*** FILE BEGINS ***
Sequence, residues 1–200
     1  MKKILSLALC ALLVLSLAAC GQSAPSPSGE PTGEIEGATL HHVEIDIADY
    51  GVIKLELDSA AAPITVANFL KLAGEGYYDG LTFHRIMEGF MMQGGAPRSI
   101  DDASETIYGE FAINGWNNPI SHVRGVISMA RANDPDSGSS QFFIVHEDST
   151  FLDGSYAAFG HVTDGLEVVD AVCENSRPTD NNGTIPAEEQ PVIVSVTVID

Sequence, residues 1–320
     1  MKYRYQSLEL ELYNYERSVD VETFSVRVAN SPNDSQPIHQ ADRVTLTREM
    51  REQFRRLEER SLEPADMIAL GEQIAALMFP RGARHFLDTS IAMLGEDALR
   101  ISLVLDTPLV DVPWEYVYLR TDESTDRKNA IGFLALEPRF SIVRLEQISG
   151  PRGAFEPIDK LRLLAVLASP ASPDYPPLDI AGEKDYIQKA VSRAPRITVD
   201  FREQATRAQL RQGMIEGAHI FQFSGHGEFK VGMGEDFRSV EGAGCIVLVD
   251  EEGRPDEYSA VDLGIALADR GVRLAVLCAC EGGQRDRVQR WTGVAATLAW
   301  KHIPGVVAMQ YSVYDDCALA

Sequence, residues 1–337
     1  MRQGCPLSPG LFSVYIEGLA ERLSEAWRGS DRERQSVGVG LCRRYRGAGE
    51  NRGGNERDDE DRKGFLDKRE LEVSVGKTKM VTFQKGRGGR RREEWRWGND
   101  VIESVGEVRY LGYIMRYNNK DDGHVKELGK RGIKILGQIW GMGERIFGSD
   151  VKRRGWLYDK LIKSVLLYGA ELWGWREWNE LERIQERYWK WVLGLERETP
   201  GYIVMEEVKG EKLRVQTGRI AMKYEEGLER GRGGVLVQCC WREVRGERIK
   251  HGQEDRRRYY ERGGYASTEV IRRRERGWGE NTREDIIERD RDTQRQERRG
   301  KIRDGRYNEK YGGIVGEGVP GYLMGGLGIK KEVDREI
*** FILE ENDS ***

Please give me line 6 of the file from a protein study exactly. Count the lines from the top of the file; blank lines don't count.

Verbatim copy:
Sequence, residues 1–320